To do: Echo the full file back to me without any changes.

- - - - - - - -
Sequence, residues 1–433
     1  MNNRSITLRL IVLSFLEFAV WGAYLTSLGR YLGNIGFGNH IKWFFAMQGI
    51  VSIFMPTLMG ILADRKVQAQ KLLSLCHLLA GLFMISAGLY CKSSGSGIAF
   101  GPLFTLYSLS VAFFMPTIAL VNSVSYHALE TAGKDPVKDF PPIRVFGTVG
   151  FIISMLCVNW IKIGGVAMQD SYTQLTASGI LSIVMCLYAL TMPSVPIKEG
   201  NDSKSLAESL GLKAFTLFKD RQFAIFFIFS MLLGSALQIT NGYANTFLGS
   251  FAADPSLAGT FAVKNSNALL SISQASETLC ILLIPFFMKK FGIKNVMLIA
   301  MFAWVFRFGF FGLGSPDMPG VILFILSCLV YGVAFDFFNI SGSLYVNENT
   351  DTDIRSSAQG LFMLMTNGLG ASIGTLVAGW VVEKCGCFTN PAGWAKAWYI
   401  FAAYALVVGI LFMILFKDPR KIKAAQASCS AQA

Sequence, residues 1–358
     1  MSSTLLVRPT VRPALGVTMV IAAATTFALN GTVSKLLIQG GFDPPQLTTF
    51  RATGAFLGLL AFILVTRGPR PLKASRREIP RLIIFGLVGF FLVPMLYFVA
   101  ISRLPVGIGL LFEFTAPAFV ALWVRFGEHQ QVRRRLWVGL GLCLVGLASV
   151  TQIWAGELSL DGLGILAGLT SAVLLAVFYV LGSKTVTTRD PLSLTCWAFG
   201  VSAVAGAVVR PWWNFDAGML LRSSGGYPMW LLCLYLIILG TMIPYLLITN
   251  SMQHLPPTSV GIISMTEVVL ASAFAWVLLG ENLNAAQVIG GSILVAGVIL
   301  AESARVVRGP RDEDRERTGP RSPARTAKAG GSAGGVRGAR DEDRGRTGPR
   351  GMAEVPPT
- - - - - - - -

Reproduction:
Sequence, residues 1–433
     1  MNNRSITLRL IVLSFLEFAV WGAYLTSLGR YLGNIGFGNH IKWFFAMQGI
    51  VSIFMPTLMG ILADRKVQAQ KLLSLCHLLA GLFMISAGLY CKSSGSGIAF
   101  GPLFTLYSLS VAFFMPTIAL VNSVSYHALE TAGKDPVKDF PPIRVFGTVG
   151  FIISMLCVNW IKIGGVAMQD SYTQLTASGI LSIVMCLYAL TMPSVPIKEG
   201  NDSKSLAESL GLKAFTLFKD RQFAIFFIFS MLLGSALQIT NGYANTFLGS
   251  FAADPSLAGT FAVKNSNALL SISQASETLC ILLIPFFMKK FGIKNVMLIA
   301  MFAWVFRFGF FGLGSPDMPG VILFILSCLV YGVAFDFFNI SGSLYVNENT
   351  DTDIRSSAQG LFMLMTNGLG ASIGTLVAGW VVEKCGCFTN PAGWAKAWYI
   401  FAAYALVVGI LFMILFKDPR KIKAAQASCS AQA

Sequence, residues 1–358
     1  MSSTLLVRPT VRPALGVTMV IAAATTFALN GTVSKLLIQG GFDPPQLTTF
    51  RATGAFLGLL AFILVTRGPR PLKASRREIP RLIIFGLVGF FLVPMLYFVA
   101  ISRLPVGIGL LFEFTAPAFV ALWVRFGEHQ QVRRRLWVGL GLCLVGLASV
   151  TQIWAGELSL DGLGILAGLT SAVLLAVFYV LGSKTVTTRD PLSLTCWAFG
   201  VSAVAGAVVR PWWNFDAGML LRSSGGYPMW LLCLYLIILG TMIPYLLITN
   251  SMQHLPPTSV GIISMTEVVL ASAFAWVLLG ENLNAAQVIG GSILVAGVIL
   301  AESARVVRGP RDEDRERTGP RSPARTAKAG GSAGGVRGAR DEDRGRTGPR
   351  GMAEVPPT